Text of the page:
In a large, randomized prospective trial conducted in Australia – where state-of-the-art sunscreen is available – regular use of this advanced sunscreen significantly reduced the number of precancerous lesions, as well as non-melanoma and melanoma skin cancers that people suffered. In other words, the lack of cutting-edge sunscreen leads to more cutting of the skin by doctors treating people for skin cancer.
Another wrinkle in this story is that Americans are spending unprecedented amounts on products and procedures to inhibit or reverse skin aging, which is accelerated by sun damage. Skin aging and wrinkling are drastically reduced by the regular use of newer-generation sunscreens.
In fact, there is recent evidence that using the new and more effective sunscreens can even reverse some skin aging.
Measures to protect the skin from sun damage should also include avoidance of tanning, whether outdoors or in tanning facilities; reducing peak sunlight exposure – between 10 a.m. and 4 p.m. – when possible; and wearing protective clothing and hats.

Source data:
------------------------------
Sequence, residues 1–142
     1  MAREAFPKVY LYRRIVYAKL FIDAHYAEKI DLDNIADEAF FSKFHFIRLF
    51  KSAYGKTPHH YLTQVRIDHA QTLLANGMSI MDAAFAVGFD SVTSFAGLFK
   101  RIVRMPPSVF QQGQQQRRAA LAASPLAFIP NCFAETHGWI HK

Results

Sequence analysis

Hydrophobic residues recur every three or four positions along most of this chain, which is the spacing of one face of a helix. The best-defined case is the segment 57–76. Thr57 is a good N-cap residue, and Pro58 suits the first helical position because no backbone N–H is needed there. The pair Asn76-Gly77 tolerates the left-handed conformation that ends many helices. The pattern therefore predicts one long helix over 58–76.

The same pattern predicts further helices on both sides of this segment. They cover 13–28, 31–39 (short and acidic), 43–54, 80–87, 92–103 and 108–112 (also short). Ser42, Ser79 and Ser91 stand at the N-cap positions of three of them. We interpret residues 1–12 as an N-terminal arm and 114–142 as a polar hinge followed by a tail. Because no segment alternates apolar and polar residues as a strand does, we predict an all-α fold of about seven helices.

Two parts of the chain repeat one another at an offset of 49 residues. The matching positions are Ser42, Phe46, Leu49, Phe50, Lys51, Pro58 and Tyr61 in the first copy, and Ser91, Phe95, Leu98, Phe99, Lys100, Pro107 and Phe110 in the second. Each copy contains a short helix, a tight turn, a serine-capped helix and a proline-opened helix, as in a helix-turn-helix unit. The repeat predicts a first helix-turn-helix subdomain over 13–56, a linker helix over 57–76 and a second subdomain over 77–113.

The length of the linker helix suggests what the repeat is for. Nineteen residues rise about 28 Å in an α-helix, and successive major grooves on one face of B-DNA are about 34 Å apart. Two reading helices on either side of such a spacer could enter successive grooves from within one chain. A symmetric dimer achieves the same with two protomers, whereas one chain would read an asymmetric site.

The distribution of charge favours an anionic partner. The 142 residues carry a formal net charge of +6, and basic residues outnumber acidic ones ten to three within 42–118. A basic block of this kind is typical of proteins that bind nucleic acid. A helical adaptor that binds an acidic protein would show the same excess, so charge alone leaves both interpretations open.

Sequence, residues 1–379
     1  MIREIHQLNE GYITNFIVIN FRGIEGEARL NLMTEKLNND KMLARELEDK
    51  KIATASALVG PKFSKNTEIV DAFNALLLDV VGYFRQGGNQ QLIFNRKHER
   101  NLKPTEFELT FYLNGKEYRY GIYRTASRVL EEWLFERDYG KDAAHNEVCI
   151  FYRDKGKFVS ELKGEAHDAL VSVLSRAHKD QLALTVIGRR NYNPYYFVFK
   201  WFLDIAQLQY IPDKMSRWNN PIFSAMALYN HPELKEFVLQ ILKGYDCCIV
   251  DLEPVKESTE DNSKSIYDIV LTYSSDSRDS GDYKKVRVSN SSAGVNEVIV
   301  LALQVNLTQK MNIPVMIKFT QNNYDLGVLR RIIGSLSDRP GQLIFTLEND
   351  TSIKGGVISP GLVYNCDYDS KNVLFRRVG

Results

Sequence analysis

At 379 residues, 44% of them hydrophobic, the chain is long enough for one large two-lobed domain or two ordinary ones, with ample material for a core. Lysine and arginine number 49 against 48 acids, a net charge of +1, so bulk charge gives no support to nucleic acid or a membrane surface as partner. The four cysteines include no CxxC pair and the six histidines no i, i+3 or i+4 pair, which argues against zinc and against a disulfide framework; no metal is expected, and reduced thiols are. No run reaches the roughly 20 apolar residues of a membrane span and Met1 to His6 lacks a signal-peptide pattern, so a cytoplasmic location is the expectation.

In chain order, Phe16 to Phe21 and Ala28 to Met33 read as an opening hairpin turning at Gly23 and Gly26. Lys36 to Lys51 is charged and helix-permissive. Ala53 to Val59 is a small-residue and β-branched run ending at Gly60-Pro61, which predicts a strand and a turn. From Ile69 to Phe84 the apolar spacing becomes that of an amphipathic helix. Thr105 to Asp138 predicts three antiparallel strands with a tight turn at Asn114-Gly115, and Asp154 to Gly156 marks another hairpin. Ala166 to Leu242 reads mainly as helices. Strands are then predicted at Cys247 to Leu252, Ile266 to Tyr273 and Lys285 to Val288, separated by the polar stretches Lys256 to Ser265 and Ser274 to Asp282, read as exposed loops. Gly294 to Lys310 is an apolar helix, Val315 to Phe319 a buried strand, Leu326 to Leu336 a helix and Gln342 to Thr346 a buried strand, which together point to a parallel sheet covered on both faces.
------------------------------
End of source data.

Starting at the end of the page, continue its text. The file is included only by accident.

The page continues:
While the sun is 93 million miles from Earth, its rays have an impact on everything we do and make life possible on our planet. It's important that we respect the power of this star to do us harm and that we protect ourselves from its harmful ultraviolet light with the best sunscreens that have been developed. The Food and Drug Administration should let us get that protection.
Henry I. Miller, a physician and molecular biologist, is the Robert Wesson Fellow in Scientific Philosophy and Public Policy at Stanford University's Hoover Institution.
Renata H. Mullen is a dermatologist in Palo Alto, California.